All SSAT Elementary Level Reading Resources
Example Question #2 : Poetry Passages
Adapted from The Cat and the Fox by Jean de la Fontaine (1678)
The Cat and the Fox once took a walk together,
Sharpening their wits with talk about the weather
And as their walking sharpened appetite too,
They also took some things they had no right to.
Cream, that is so delicious when it thickens,
Pleased the Cat best. The Fox liked little chickens.
With stomachs filled, they presently grew prouder,
And each began to try to talk the louder,
Bragging about his skill, and strength, and cunning.
"Pooh!" said the Fox. "You ought to see me running.
Besides, I have a hundred tricks. You Cat, you!
What can you do when Mr. Dog comes at you?"
"To tell the truth," the Cat said, "though it grieve me
I've but one trick. Yet that's enough—believe me!"
There came a pack of fox-hounds, yelping, baying.
"Pardon me", said the Cat. "I can't be staying.
This is my trick." And up a tree he scurried,
Leaving the Fox below a trifle worried.
In vain, he tried his hundred tricks and ruses
(The sort of thing that Mr. Dog confuses),
Doubling, and seeking one hole, then another,
Smoked out of each until he thought he'd smother.
At last as he once more came out of cover,
Two nimble dogs pounced on him—all was over!
What pleased the Cat?
We learn in the first paragraph that what pleases the Cat the best is "cream, that is so delicious when it thickens." The best answer choice is "cream!"
Example Question #1 : Locating Details In Poetry Passages
Adapted from “The Duel” by Eugene Field (1888)
The gingham dog and the calico cat
Side by side on the table sat;
'Twas half-past twelve, and (what do you think!)
Not one nor t'other had slept a wink!
The old Dutch clock and the Chinese plate
Appeared to know as sure as fate
There was going to be a terrible spat.
(I wasn't there; I simply state
What was told to me by the Chinese plate!)
The gingham dog went "bow-wow-wow!"
And the calico cat replied "mee-ow!"
The air was littered, an hour or so,
With bits of gingham and calico,
While the old Dutch clock in the chimney-place
Up with its hands before its face,
For it always dreaded a family row!
(Now mind: I'm only telling you
What the old Dutch clock declares is true!)
The Chinese plate looked very blue,
And wailed, "Oh, dear! What shall we do?"
But the gingham dog and the calico cat
Wallowed this way and tumbled that,
Employing every tooth and claw
In the awfullest way you ever saw--
And, oh! how the gingham and calico flew!
(Don't fancy I exaggerate!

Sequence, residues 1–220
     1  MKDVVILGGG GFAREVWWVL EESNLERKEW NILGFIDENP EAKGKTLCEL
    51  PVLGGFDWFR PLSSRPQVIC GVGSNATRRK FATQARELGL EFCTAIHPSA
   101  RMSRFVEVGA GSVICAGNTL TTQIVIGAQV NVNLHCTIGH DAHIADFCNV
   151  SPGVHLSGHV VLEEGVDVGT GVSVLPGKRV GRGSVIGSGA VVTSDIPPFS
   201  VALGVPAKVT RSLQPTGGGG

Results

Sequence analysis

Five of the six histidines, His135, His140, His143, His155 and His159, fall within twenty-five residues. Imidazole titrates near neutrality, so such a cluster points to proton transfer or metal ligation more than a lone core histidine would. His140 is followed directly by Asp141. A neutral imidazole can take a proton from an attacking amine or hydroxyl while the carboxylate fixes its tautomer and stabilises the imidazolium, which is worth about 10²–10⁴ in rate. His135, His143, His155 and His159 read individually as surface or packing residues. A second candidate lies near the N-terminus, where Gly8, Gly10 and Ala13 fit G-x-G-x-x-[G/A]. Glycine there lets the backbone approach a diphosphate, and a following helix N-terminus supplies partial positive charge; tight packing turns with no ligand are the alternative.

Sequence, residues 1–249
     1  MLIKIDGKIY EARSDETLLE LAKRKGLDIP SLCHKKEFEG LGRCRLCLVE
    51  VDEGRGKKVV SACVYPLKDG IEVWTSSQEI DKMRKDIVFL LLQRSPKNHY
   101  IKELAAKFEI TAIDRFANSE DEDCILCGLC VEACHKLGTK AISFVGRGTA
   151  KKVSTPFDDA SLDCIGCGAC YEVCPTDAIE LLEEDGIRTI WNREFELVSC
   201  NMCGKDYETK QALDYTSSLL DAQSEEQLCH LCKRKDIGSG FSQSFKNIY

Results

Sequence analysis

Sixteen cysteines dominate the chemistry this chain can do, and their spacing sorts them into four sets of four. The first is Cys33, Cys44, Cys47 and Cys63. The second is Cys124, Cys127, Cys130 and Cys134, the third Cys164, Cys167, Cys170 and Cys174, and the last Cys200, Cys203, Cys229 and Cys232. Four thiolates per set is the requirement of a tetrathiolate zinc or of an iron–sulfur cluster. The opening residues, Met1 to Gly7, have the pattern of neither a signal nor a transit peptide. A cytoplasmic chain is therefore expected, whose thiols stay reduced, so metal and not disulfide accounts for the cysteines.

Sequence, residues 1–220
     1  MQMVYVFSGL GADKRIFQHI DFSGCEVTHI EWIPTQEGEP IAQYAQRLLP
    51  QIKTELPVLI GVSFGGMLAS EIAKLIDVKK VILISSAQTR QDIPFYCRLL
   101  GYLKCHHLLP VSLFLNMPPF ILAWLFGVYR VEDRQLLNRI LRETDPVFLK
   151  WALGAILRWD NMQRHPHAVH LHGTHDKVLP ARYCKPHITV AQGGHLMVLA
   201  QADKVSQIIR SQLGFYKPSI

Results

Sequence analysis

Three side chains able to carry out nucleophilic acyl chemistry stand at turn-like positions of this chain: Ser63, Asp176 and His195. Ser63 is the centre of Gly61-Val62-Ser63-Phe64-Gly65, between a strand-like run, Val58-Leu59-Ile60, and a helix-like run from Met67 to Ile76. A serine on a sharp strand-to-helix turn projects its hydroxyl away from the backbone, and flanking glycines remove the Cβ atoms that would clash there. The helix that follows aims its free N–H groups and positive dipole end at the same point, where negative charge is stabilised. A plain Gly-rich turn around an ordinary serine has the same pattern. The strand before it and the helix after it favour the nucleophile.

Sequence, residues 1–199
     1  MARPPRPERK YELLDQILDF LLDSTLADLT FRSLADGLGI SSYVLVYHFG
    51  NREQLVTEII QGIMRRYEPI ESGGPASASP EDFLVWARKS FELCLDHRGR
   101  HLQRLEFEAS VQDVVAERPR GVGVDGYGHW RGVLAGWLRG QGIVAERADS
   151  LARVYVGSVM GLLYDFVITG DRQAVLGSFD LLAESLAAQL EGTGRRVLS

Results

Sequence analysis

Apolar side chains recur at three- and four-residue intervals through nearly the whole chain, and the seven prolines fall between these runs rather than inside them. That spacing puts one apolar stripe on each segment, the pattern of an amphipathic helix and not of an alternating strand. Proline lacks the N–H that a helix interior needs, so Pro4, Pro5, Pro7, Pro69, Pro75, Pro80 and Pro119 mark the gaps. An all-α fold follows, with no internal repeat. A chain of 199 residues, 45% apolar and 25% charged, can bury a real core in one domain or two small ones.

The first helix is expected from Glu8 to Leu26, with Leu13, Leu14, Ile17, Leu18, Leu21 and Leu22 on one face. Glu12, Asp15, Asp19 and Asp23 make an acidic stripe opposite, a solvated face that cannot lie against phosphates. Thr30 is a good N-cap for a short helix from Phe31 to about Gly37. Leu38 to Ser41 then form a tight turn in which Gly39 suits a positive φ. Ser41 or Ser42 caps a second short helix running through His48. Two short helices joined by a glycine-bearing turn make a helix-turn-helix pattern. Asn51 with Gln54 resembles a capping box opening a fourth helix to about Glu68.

I got my views from the Chinese plate!)
Next morning where the two had sat
They found no trace of the dog or cat;
And some folks think unto this day
That burglars stole the pair away!
But the truth about the cat and the pup
Is this: They ate each other up!
Now what do you really think of that!
(The old Dutch clock, it told me so,
And that is how I came to know.)
According to the speaker, why were the calico cat and the gingham dog nowhere to be found in the morning?
They had eaten each other up.
They had moved to a new house.
They had run away in the night.
Their owner had taken them to the vet.
They had been stolen by a burglar.
They had eaten each other up.
The last verse of the poem talks about where the dog and cat were in the morning: “Next morning where the two had sat \ they found no trace of the dog or cat; \ and some folks think unto this day \ that burglars stole the pair away! But the truth about the cat and the pup \ is this: They ate each other up!” The author tells us that many people thought they had been stolen by burglars, but in fact they were not there because they had eaten each other up.
Example Question #4 : Poetry Passages
Adapted from "A Good Boy" by Robert Louis Stevenson (1913)
I woke before the morning, I was happy all the day,
I never said an ugly word, but smiled and stuck to play.
And now at last the sun is going down behind the wood,
And I am very happy, for I know that I've been good.
I know that, till to-morrow I shall see the sun arise,
No ugly dream shall fright my mind, no ugly sight my eyes.
But slumber hold me tightly till I waken in the dawn,
And hear the thrushes singing in the lilacs round the lawn.
For how long did the narrator play?
The narrator did not play at all during the day he describes.
In the first sentence, we learn that the main character woke up quite early ("I woke before the morning") and was "happy all the day." In the next sentence, we discover that he "smiled and stuck to play" until "the sun [was] going behind the wood." Thus, the best answer choice is "all day."